7. We’ve been bullish on the stock of LSU’s Devin White and Michigan’s Devin Bush over the last few weeks (check out the MMQB’s latest mock draft), and one reason why is because there’s not a lot of depth in the off-ball linebackers behind them. Alabama’s Mack Wilson is probably the next guy, and he’s more of a two-down linebacker. And after that, there’s another dropoff. So teams that need one, like Oakland, Tampa, Denver and Cincinnati, can make sense of the idea of taking White or Bush at a higher point than guys at those positions usually go.
8. One thing I didn’t think about much until I caught up with new Packer coach Matt LaFleur the other day—this is his fourth Year 1 in five years. He was part Dan Quinn’s first staff in Atlanta in 2015, Sean McVay’s first staff in L.A. in 2017 and Mike Vrabel’s first staff in Nashville last year. So what’s he learned? Building the scheme’s important in the spring. But, he said, “What’s even more important, is laying the foundation, again, of what you’re all about. How you build that team chemistry, that team camaraderie throughout these phases, and come together as a football team, helps you get through the tough times. This is the National Football League, there’s gonna be adversity. There’s not one team that doesn’t go through adversity at some point during the season, whether it’s in a game or not, there’s always adversity everywhere you look. It’s how you react in those tough times, and you gotta lean back not only on each other but the foundation that you’ve built.”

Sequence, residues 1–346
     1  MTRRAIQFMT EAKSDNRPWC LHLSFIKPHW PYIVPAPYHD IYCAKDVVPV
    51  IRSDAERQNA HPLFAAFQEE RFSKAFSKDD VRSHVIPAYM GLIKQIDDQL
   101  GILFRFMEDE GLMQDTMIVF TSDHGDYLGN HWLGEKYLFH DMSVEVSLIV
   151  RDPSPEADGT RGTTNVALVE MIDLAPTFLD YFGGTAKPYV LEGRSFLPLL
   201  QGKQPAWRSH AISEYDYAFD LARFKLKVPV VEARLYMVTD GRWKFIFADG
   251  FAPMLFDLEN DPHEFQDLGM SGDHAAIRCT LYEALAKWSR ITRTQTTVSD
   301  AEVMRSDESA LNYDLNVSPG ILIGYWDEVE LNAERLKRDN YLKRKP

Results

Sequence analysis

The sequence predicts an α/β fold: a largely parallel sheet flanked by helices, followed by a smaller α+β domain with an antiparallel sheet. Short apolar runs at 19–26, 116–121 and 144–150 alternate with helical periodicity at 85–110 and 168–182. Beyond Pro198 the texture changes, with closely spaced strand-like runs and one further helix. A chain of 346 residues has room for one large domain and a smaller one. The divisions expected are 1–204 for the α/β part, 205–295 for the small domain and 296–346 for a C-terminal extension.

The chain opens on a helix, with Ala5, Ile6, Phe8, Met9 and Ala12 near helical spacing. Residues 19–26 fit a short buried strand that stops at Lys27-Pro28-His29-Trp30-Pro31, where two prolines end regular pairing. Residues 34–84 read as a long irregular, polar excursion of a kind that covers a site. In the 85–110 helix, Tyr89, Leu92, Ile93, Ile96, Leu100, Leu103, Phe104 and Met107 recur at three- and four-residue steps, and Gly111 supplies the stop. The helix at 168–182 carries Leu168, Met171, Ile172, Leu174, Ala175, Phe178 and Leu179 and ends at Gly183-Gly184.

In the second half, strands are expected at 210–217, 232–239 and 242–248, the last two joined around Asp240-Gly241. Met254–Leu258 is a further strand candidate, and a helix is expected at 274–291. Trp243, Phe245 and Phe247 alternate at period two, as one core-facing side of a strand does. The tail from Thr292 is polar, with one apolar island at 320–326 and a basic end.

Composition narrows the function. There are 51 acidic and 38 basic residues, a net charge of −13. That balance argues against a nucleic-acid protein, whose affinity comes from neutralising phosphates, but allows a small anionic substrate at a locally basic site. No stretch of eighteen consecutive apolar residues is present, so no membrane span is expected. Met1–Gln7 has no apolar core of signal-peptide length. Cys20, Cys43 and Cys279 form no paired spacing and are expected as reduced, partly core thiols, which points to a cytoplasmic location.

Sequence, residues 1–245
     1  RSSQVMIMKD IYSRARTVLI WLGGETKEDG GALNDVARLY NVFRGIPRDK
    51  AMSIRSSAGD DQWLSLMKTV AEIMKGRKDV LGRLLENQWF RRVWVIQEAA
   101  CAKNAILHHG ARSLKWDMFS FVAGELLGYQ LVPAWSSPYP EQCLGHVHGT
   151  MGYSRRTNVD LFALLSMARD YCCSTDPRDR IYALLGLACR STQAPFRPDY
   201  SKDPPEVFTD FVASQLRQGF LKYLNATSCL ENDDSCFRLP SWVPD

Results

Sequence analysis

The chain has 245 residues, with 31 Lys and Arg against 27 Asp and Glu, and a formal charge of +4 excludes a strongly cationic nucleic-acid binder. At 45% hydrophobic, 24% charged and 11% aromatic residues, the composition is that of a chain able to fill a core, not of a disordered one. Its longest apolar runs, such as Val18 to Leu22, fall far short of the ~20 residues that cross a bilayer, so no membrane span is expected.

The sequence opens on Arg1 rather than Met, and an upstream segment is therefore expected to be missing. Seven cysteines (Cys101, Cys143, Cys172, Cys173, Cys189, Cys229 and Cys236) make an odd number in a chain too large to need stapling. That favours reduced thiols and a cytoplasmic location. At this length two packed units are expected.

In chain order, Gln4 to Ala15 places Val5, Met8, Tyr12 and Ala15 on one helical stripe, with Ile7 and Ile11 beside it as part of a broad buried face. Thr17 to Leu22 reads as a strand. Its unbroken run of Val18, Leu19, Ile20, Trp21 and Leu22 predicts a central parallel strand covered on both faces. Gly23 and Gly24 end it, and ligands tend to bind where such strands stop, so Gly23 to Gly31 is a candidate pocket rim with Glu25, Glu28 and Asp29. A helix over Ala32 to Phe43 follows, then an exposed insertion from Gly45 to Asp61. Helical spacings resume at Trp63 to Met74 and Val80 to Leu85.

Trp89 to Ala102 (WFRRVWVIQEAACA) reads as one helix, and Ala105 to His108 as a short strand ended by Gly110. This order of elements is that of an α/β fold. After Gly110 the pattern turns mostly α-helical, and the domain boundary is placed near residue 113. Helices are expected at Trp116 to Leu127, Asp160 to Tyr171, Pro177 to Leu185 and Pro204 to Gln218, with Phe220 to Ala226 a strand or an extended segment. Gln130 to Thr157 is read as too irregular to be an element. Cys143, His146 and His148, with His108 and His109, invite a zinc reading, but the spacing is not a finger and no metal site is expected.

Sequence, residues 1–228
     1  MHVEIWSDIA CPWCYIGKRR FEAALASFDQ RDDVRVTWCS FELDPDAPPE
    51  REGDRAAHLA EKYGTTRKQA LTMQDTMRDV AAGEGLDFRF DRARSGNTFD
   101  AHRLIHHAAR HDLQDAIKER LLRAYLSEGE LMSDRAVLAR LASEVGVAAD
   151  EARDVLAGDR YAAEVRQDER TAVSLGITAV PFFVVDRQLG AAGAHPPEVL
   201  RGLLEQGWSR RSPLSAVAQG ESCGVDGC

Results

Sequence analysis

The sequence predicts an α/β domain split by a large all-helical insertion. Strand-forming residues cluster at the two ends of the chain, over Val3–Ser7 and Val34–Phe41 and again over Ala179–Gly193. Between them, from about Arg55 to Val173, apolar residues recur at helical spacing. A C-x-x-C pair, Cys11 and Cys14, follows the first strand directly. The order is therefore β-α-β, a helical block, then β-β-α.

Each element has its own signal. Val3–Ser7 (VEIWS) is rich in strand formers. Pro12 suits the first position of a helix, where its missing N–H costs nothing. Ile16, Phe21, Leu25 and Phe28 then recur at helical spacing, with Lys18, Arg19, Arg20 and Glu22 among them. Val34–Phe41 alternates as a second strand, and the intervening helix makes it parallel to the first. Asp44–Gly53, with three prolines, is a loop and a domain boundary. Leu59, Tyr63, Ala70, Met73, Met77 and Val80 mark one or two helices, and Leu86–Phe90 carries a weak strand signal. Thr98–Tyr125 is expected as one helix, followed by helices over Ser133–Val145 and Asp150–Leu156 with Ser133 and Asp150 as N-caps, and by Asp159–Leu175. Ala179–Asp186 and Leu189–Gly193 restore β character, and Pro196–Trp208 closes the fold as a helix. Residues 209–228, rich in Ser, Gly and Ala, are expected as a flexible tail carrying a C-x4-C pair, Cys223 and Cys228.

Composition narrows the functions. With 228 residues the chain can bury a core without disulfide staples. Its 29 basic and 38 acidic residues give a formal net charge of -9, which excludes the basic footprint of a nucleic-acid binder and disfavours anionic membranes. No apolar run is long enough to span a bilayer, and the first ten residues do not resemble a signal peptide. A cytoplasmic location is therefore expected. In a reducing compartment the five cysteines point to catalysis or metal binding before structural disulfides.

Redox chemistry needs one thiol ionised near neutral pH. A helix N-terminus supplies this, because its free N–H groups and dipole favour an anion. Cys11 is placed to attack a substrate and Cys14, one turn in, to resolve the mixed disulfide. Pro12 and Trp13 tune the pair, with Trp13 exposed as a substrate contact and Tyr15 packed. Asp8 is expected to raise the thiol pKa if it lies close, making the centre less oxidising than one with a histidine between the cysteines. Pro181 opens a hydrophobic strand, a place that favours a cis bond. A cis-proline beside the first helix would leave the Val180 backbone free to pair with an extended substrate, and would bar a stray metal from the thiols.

9. I’m not stunned, by the way, that the Packers are doing a little tire-kicking on the quarterbacks in this year’s class. (Yahoo’s Terez Paylor reported they’re having Drew Lock in for a visit.) Brett Favre was 35 years, 6 months old when Green Bay drafted Aaron Rodgers to be his heir in 2005. Aaron Rodgers is 35 years, 4 months old now.
10. Another AAF post-mortem to wrap here, and a more positive one—I heard back from one team executive the other day who was proud of the job the guys in the league did of laying groundwork for players to grow. He said that, because of hours constraints in both college and the pros, teaching of fundamentals has suffered, leaving some guys who need work hopelessly behind. So, he continued, with so many experienced coaches in the AAF, the league gave guys a chance to get right in areas they might not otherwise. I thought it was an interesting point that underscores where football may suffer not having a true minor-league system.